Thursday, August 4, 2011

Setbacks Yet to Stop Pennsylvania's School Choice Champions from Making Case

We've got good news and bad news.

First, the bad: In the midst of a year that has featured numerous successful legislative efforts to create or expand school choice programs across the country, one of the more disappointing outcomes was in Pennsylvania, where, after strong bipartisan support and the backing of the governor, legislation failed to get a vote before either the full House or Senate.

The good news is that the debate is far from over.

The state's House Education Committee yesterday held a public hearing where both the pro- and anti-voucher sides were able to make their cases, and it was a study in why we believe our side's argument is so much stronger. Here are a few excerpts from a story on the hearing in yesterday's Pittsburgh Post-Gazette:
Rep. Jim Christiana, sponsor of one bill in the education reform package, said school choice isn't about turning public schools into private ones; it's about letting parents choose where their children will be best educated.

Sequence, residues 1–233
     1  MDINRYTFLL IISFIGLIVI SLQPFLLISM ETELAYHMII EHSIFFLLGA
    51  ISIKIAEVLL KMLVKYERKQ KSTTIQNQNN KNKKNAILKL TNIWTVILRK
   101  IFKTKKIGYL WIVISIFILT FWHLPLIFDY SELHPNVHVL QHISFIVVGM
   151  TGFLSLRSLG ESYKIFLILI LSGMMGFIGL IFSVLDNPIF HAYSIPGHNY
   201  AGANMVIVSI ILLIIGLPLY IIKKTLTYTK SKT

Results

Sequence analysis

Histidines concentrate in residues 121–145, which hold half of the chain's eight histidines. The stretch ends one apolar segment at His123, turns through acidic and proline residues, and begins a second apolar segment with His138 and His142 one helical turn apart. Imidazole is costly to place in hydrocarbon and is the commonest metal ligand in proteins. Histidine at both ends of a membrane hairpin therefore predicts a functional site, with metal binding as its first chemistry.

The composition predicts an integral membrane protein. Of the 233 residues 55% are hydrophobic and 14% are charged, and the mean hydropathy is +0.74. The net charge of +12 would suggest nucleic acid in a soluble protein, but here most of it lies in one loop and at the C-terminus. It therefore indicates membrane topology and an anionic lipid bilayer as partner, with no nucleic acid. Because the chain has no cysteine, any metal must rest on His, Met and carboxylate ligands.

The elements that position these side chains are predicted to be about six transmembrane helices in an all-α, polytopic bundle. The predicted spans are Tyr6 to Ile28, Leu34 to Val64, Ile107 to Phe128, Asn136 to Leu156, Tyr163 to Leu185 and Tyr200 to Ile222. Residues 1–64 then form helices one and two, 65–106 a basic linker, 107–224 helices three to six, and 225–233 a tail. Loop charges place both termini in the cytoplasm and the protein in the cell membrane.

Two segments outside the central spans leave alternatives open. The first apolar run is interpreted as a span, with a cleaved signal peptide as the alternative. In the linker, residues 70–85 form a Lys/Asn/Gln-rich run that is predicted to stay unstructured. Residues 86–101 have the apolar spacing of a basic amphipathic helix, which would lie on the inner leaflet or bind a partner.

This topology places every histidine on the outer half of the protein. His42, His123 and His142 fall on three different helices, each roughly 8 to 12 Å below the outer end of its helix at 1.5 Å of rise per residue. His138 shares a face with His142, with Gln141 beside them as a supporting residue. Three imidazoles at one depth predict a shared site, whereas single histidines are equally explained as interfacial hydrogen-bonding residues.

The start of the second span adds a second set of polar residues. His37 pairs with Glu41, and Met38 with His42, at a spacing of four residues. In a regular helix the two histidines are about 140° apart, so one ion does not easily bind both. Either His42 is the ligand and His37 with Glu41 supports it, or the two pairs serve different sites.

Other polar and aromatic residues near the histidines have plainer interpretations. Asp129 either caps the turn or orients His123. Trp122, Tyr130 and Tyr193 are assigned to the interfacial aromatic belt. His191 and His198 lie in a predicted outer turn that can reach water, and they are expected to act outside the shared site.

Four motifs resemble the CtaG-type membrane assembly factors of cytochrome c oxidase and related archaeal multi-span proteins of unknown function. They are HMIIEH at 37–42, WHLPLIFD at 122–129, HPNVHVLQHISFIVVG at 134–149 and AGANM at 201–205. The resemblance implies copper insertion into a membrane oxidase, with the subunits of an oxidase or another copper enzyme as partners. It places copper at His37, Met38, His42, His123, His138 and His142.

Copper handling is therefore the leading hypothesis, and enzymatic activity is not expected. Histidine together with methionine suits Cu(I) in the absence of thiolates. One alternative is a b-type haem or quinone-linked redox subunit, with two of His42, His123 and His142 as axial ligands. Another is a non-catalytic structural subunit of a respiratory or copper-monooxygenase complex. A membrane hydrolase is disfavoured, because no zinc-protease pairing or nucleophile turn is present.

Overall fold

"We're not saying students shouldn't have to take standardized tests. We're just saying the tests should be based on the curriculum you're offering," said Mr. Christiana, R-Beaver. 
..."If the teachers are of an inferior quality, the students will not come," [Education Secretary Ronald Tomalis]told the committee...."These kids are already in schools that are failing. This [current] system that has been in place for 150 years and has worked well for many of us isn't working for these children."
That's at the crux of this argument—we've been doing things one way for so long, and there are still so many low-income kids who are failing in this, the richest and most prosperous country on Earth. As the old saying goes, "Fool me once, shame on you. Fool me twice, shame on me." What thousands of kids in struggling urban school districts across the country, who have been told the system was being fixed over and over again?

How many times must they be fooled before we decide that we're not going to maintain the status quo?

Yes, there are countless stories of great progress from once-failing schools that are now outpacing their peers. And yes, innovations in public school have paid dividends for some students who would otherwise be struggling.

But as is perfectly articulated by Rep. Jim Christiana in the clip below, there are thousands more who are not seeing the fruits of the labor in the state' public school system. As he says, his bill isn't perfect, and he's open to improvements. But what he (and we) won't stand for is protecting the status quo:

- American Federation for Children | Alliance for School Choice, MAG

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